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Ardoyne protesters vent rage at Belfast priest and Sunday Life reporter

By Rebecca Black and Lisa Smyth

Published 03/10/2016

Sunday Life reporter Christopher Woodhouse is threatened by Gerard McCusker
Sunday Life reporter Christopher Woodhouse is threatened by Gerard McCusker
Dee Fennell confronts Fr Gary Donegan
Christopher back at his desk

A priest and a journalist were subjected to sinister threats by members of a republican residents' group.

The incident took place in Ardoyne in north Belfast after one of Northern Ireland's most controversial parades passed off peacefully.

Orangemen were granted permission to march past the flashpoint after a landmark deal ended a three-year dispute between the loyal orders and nationalist residents.

 

Despite widespread support for the agreement to end the stand-off, members of the hardline Greater Ardoyne Residents Collective (GARC) protested against the parade.

They then vented their fury at parish priest Fr Gary Donegan as well as Sunday Life journalist Christopher Woodhouse. Sinn Fein MLA Gerry Kelly was also heckled by members of GARC.

The group held protests on Friday evening, sparking a huge policing operation involving 300 officers, and again early on Saturday morning after the parade.

GARC has bitterly opposed the historic deal brokered between the Orange Order and the Crumlin and Ardoyne Residents Association (Cara).

The deal allowed the return parade by three Orange lodges along the Crumlin Road past the Ardoyne shops.

It was agreed the bands would only play hymns as they passed the disputed section at Ardoyne, while the lodges would limit the number of banners on display.

A protest camp in the nearby Twaddell area, where loyalists have staged weekly protests which have cost in excess of £20m to police, is also being dismantled. In return, Cara did not request Parades Commission permission for a protest. The lodges have agreed not to apply for any more return parades on the Twelfth until a wider agreement on the issue is reached.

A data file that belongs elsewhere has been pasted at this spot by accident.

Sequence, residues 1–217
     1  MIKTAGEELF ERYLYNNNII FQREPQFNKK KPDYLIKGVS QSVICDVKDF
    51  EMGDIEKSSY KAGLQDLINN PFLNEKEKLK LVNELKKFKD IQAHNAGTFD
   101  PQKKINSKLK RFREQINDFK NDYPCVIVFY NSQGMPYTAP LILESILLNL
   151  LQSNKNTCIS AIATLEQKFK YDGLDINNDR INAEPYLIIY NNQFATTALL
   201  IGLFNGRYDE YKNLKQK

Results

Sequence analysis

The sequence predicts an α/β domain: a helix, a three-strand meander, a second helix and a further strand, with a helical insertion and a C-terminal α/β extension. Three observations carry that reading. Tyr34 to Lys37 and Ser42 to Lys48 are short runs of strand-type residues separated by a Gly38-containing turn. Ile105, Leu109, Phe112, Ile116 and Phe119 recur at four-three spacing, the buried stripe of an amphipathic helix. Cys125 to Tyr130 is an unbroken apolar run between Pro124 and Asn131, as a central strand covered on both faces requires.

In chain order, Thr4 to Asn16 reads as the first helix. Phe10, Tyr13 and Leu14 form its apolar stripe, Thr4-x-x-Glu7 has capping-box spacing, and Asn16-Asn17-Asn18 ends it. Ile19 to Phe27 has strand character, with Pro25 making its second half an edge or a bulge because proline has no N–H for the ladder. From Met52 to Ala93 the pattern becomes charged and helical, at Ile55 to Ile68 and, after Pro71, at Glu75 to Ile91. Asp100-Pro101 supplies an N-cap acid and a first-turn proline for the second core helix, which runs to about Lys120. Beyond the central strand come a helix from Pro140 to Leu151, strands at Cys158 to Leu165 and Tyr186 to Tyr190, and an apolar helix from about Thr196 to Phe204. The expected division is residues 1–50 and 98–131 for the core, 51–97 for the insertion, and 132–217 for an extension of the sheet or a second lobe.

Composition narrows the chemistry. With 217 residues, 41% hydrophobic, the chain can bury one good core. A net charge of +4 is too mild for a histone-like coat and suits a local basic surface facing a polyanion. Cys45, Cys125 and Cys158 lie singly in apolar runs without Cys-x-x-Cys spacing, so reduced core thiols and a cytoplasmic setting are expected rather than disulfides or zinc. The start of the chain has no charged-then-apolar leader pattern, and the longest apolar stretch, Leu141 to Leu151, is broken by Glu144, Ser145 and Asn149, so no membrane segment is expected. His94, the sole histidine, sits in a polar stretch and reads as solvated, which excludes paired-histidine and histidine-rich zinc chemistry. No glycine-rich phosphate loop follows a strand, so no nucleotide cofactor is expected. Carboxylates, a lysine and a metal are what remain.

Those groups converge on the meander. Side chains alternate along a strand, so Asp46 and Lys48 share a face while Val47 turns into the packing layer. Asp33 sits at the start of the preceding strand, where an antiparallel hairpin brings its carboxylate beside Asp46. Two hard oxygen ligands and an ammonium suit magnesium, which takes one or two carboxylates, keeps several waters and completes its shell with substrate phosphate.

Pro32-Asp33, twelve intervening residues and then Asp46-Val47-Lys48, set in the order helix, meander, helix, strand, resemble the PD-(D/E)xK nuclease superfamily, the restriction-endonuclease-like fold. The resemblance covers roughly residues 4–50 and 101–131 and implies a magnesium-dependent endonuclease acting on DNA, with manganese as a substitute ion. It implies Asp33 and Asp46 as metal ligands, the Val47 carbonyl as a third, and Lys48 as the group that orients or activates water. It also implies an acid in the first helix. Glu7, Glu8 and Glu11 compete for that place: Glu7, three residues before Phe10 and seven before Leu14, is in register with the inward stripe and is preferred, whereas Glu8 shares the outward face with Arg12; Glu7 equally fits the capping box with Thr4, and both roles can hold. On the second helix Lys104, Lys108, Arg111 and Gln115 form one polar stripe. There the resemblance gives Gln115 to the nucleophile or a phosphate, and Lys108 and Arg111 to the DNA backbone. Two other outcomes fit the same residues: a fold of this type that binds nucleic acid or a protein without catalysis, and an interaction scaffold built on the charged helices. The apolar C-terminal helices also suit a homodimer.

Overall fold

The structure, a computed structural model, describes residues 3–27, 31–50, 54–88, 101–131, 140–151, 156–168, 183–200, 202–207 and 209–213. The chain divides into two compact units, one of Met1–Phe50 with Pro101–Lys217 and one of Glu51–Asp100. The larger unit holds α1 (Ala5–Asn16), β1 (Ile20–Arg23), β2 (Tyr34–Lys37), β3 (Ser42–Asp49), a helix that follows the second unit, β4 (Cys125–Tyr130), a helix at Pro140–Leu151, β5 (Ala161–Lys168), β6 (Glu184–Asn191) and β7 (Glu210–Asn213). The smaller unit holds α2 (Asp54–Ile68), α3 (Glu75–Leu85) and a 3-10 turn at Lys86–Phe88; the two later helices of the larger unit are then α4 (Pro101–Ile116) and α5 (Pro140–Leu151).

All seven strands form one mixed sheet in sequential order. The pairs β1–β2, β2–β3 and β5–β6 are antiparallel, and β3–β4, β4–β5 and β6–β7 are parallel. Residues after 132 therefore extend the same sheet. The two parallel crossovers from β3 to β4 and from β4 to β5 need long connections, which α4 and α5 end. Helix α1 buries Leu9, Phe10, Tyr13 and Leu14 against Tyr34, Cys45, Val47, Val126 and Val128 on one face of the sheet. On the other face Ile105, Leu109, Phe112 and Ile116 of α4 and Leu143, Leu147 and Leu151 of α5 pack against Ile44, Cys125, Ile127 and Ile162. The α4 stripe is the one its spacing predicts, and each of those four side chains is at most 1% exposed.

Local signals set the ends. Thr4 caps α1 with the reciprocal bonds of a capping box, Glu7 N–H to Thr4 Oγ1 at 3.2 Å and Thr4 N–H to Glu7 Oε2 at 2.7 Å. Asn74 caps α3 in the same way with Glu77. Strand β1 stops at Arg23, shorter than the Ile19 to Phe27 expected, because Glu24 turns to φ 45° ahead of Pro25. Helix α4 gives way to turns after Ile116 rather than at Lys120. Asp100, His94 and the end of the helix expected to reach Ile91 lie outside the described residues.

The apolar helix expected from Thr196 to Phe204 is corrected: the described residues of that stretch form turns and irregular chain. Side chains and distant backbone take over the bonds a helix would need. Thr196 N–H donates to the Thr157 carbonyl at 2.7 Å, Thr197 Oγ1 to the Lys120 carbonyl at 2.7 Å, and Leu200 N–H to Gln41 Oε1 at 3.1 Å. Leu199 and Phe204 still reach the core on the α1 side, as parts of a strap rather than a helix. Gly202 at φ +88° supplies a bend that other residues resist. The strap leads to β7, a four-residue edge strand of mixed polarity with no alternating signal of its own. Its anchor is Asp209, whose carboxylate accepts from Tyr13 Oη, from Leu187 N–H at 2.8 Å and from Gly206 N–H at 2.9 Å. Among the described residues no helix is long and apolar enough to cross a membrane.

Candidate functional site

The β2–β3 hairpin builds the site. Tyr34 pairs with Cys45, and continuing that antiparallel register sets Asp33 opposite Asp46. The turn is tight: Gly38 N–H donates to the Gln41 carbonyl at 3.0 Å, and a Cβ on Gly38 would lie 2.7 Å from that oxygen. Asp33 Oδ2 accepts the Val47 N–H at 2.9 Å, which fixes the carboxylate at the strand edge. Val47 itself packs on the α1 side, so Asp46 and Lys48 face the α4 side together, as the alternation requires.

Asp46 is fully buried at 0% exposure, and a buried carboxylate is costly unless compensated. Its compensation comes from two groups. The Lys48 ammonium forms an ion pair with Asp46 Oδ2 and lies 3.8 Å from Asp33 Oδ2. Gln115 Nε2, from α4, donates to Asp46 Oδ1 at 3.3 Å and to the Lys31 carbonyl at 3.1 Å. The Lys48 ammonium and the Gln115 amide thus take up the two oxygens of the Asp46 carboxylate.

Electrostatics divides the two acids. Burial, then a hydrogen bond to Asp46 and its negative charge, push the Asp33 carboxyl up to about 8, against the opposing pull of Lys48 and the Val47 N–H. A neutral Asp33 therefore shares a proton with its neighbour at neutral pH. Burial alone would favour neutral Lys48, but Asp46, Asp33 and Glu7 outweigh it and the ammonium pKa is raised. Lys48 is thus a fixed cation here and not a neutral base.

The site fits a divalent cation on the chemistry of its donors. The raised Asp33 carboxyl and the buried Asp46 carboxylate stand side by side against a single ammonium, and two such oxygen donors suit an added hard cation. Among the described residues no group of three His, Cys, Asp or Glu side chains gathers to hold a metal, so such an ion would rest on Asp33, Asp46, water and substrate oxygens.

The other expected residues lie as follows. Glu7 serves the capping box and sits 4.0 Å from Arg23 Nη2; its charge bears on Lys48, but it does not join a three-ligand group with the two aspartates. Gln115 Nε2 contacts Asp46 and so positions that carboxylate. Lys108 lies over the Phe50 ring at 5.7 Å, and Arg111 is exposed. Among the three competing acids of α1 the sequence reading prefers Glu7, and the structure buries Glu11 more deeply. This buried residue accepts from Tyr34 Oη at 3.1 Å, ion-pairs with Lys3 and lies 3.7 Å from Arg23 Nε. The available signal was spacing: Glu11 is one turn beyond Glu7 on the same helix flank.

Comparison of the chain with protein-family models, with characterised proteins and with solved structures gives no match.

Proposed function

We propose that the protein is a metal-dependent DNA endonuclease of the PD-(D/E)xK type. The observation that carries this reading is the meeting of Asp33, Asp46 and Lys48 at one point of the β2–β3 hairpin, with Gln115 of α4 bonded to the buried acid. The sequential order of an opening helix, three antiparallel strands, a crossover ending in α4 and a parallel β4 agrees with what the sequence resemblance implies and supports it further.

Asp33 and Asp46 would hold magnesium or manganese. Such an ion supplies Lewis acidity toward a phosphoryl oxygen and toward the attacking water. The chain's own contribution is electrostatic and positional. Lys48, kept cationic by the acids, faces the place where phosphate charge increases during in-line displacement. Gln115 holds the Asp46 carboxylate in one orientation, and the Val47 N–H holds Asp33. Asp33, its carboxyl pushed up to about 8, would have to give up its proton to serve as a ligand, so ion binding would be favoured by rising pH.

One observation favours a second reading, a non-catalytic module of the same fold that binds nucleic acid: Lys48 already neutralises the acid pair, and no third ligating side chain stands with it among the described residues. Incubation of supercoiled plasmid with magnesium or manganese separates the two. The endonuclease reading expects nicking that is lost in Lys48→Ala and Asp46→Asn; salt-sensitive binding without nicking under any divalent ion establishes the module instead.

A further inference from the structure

Cara will not protest at the lodges' already-permitted outward parade on the morning of the Twelfth. A community forum including representatives of Cara, which has been supported by Sinn Fein, and the loyal orders, will also be convened with the aim of improving relations in the area.

The deal was endorsed by local politicians, the British and Irish Governments, and Church and community leaders.

Spencer Beattie, Orange Order county grand master, said there was a sense of "relief".

He said: "The agreement reached did not come easy, but it is founded on mutual tolerance and respect.

"Going forward, we trust this positive atmosphere will prevail regarding future parades in north Belfast, including future return parades along the Crumlin Road."

Loyalists dismantle protest camp at Twaddell Avenue. Image: Pacemaker
Loyalists dismantle protest camp at Twaddell Avenue. Image: Pacemaker
Loyalists dismantle protest camp at Twaddell Avenue. Image: Pacemaker
Loyalists dismantle protest camp at Twaddell Avenue. Image: Pacemaker
Loyalists dismantle protest camp at Twaddell Avenue. Image: Pacemaker
Loyalists dismantle protest camp at Twaddell Avenue. Image: Pacemaker
Loyalists dismantle protest camp at Twaddell Avenue. Image: Pacemaker
Local Orange Order lodges marched past the Ardoyne shops in north Belfast early on Saturday morning. Photographer: Matt Mackey / Press Eye
Local Orange Order lodges marched past the Ardoyne shops in north Belfast early on Saturday morning. Photographer: Matt Mackey / Press Eye
Local Orange Order lodges marched past the Ardoyne shops in north Belfast early on Saturday morning. Photographer: Matt Mackey / Press Eye
Local Orange Order lodges marched past the Ardoyne shops in north Belfast early on Saturday morning. Photographer: Matt Mackey / Press Eye
Local Orange Order lodges marched past the Ardoyne shops in north Belfast early on Saturday morning. Photographer: Matt Mackey / Press Eye
Local Orange Order lodges marched past the Ardoyne shops in north Belfast early on Saturday morning. Photographer: Matt Mackey / Press Eye
Local Orange Order lodges marched past the Ardoyne shops in north Belfast early on Saturday morning. Picture Mark Marlow/pacemaker press
Pacemaker press 01/10/2016 The Ligoniel Lodges have held a permanent protest since July 2013 over a decision to stop their return parade past the Ardoyne shops. They have agreed to a voluntary moratorium on future return parades. The Twaddell protest camp on the interface will be dismantled following the parade Around 600 police officers are on duty in the area. Several dozen protesters from the Greater Ardoyne Residents Collective (Garc) gathered at the Ardoyne shops as the parade got underway. They chanted "walk of shame" as the parade passed the Ardoyne shops but dispersed peacefully after the march passed. Picture Mark Marlow/pacemaker press